Springtime has arrived here in Wilton Manors. Many might not have noticed as we marched right past the spring equinox a few weeks ago, perhaps still too busy adjusting our clocks ahead one hour.
The springtime arrival brings many annual events to our wonderful city. Along with the upcoming Easter and Passover holidays comes a somewhat lesser known spring event, the Goals and Objectives Workshop, a sure sign that the first quarter of the year is now behind us and spring is already moving ahead at a quickening pace.
The Goals and Objectives Workshop is the first step in the yearly budget cycle. Elected officials meet with city management and staff to discuss the future goals, needs and budgeting for our city. This is an opportunity for departments to present a wish list, and to discuss ideas, staffing requests, capital projects and so much more.
Our elected officials join in the fun and present their own list and concerns. Thankfully, the next stage of the budget process weeds out the bulk of these well-intentioned proposals, once the financial reality of the actual budgeting process snaps everyone back to reality.
This annual rite of spring is normally observed by a relatively few lucky Islanders, mainly city staff, budget advisory committee members, elected officials and perhaps one other person sitting off to the side of the Commission Chambers. However, this year the chamber was all a buzz with chatter and close to full capacity. Perhaps this is a sign, a good omen of sorts, during this annual ritual passage of seasons. Residents’ vibrant participation in our local government will reap great benefits for our entire community.
Our police department led the way with their proposal for a new helicopter. Not satisfied with the results of the pilot drone program, the department is requesting manned aerial vehicles to fly overhead. This is sort of our local version of Mike Pence’s request the same week to have men on the moon by 2024. I must be missing something here; I thought we did something like that over 50 years ago.
Not wanting to be overshadowed, Leisure Services laid forth their grand vision of turning large swaths of land into more and more park facilities. Looking at the recent success of utilizing money from our Water and Sewer Fund to purchase the property needed for the Colohatchee Park access, their management team is requesting substantial increases of water rates to keep the funding tap flowing for years to come.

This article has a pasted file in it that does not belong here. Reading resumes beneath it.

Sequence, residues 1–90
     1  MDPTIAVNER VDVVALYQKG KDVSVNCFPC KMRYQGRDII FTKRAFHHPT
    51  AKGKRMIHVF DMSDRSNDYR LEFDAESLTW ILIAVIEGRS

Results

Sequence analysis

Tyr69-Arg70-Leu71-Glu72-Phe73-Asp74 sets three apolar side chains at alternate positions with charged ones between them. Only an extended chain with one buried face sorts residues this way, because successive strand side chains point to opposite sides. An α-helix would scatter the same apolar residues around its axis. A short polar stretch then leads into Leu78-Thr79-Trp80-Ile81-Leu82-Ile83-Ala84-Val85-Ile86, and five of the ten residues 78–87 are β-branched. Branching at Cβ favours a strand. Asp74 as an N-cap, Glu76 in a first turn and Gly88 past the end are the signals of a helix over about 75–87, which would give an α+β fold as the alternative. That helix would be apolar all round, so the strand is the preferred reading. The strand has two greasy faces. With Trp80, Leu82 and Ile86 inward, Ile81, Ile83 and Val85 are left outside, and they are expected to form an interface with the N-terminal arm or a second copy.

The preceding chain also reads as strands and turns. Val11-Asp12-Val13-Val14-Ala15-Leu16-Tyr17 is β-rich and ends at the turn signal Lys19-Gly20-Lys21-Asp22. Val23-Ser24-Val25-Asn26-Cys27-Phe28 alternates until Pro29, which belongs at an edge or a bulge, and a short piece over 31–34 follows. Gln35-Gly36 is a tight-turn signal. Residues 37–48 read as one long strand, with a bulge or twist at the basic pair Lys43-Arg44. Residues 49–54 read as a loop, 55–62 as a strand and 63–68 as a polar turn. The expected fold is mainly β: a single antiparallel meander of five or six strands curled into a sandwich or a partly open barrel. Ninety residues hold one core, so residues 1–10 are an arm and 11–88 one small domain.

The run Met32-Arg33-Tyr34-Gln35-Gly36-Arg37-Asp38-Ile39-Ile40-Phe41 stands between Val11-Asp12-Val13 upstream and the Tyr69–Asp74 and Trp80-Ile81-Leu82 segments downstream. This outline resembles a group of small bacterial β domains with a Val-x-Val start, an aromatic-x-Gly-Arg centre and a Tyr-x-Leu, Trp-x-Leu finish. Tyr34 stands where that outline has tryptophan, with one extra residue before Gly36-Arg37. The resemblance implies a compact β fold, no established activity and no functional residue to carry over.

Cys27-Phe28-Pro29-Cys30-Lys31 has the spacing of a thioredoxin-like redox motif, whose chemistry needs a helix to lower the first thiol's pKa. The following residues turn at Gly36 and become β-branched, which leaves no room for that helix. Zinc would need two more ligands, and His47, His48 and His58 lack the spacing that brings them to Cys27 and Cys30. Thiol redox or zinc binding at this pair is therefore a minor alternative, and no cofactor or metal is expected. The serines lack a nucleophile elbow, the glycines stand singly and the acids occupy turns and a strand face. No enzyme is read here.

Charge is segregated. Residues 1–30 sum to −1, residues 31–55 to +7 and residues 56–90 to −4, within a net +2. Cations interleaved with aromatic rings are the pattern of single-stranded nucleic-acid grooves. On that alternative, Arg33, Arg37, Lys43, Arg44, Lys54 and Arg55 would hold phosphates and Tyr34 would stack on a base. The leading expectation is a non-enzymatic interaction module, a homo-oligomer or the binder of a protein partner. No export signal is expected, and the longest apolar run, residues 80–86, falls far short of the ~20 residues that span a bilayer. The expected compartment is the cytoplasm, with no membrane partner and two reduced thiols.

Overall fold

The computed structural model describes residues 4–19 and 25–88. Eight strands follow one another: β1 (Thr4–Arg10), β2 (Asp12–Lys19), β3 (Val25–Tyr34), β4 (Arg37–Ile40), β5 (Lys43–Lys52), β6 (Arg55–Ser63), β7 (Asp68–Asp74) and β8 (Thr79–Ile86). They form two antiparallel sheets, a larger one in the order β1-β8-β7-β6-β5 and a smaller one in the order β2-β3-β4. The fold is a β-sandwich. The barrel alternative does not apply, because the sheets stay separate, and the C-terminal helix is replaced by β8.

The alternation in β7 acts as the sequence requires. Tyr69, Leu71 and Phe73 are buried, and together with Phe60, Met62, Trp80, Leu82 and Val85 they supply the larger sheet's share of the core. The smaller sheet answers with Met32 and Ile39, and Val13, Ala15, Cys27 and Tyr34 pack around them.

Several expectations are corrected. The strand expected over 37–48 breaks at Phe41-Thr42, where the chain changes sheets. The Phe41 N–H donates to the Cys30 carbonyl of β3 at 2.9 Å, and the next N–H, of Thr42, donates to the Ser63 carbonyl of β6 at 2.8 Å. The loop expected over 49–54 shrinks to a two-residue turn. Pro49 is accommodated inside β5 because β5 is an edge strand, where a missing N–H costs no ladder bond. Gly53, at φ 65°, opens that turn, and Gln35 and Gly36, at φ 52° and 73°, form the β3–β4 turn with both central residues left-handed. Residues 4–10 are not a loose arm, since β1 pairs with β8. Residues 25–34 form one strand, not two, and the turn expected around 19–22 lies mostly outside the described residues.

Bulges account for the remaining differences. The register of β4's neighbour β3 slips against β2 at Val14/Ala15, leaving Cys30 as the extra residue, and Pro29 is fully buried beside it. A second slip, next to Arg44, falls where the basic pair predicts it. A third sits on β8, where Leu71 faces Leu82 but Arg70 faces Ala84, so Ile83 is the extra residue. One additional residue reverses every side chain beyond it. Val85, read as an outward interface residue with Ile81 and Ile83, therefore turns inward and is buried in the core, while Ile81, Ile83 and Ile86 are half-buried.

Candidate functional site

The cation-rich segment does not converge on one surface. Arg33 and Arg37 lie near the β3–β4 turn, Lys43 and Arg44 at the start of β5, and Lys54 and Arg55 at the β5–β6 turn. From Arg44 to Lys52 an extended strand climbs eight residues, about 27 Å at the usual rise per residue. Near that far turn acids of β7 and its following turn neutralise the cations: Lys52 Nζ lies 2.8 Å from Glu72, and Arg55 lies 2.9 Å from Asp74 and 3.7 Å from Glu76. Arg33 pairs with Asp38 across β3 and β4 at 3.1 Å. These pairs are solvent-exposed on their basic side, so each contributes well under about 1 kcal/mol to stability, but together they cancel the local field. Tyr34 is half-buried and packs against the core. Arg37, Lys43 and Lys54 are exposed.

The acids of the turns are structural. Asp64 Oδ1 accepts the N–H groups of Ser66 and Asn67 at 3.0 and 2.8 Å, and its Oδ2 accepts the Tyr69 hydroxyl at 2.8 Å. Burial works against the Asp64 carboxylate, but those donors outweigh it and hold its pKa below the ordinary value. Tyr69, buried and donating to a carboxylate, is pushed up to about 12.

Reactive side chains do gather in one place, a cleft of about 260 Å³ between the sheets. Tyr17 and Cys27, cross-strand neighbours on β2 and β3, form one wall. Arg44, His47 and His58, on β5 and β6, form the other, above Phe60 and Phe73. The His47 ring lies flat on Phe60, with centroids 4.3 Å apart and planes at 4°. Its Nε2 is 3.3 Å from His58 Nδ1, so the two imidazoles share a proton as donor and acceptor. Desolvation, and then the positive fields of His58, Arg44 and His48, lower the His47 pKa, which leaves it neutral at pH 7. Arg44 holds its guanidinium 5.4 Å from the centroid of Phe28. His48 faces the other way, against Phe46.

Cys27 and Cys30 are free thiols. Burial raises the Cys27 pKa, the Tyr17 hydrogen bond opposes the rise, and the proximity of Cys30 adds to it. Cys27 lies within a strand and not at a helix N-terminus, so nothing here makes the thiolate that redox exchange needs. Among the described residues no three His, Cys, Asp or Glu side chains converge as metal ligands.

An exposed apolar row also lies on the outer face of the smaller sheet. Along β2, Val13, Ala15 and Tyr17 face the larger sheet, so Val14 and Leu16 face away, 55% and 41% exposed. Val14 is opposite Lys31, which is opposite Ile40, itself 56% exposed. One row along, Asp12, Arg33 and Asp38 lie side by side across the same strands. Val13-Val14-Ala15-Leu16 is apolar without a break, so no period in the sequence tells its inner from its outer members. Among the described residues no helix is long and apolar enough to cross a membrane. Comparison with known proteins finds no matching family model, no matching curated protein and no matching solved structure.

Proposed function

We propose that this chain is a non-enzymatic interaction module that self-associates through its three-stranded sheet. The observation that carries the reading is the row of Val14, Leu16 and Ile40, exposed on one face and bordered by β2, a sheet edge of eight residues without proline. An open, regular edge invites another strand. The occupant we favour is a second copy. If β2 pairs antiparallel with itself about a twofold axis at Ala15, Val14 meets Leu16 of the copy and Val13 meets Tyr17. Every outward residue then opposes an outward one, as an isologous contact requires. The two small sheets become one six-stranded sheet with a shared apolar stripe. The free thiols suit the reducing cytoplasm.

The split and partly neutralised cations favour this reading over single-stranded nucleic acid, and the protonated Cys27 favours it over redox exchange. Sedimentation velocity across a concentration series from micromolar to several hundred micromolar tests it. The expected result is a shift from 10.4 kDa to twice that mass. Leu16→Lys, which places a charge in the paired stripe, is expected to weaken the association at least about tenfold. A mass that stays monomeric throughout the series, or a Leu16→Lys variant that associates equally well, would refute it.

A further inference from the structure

Mayor Justin Flippen strongly advocated for increased technology to propel our Island City into the future. Artificial intelligence will come at a cost, but just think about the savings with robots replacing city staff. No worries about lunch breaks, sick time, or benefits. Hope you don’t mind the thousands of cameras to be installed city-wide to monitor our every move. Just a necessary requirement needed to feed data from every area of our city back to the new AI platforms.
Commissioner Paul Rolli stated the need for a city-wide Master Plan to study the Parks Master Plan, the Water and Sewer Master Plan, the Police Efficiency Master Plan, and about five other Master Plans. Only then would he feel comfortable having an additional study done to tell us what other studies are needed to accurately make any decisions on what our goals and objectives should actually be.
Vice Mayor Tom Green was all giddy about the 1 percent sales tax increase passed in Broward County last election. Funds for local transportation projects include a railed trolley system down the middle of Wilton Drive that will eventually be tied into the regional transportation network currently envisioned for South Florida. Just a few more years of on-going construction along the Drive, but all is good because the city has decided not to charge for parking during daytime hours on the few remaining street parking spots to assist businesses hurting from the ongoing construction.
Ok, enough already.
I will admit to indulging in another spring time ritual, that of April Fools’ skullduggery. Hopefully you caught on before getting too enraged at the insanity of it all. In reality, our city has been very diligent in the financial planning and sound budgeting for our city’s future. This year many challenges are facing South Florida municipalities. Immediate planning and funding for resiliency needs due to future impacts of weather and sea-level rise are of top priority.
Commissioner Rolli is correct in wanting a more defined roadmap of where our city should be heading in the years ahead, but we cannot spend too much time studying the course over and over before we start making some needed decisions. Spring always brings a sense of freshness and renewal. I am confident that with our elected officials, city staff and active residents, our future will be as great as we can make it, ‘cause life is just better here.